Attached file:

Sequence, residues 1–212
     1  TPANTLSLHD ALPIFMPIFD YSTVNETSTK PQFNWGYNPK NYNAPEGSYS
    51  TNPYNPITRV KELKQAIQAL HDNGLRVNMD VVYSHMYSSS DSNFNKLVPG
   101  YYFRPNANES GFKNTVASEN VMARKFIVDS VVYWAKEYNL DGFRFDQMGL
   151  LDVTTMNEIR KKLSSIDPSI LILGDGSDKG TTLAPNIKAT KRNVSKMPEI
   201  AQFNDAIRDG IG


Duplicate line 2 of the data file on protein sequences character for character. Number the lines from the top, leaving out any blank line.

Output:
     1  TPANTLSLHD ALPIFMPIFD YSTVNETSTK PQFNWGYNPK NYNAPEGSYS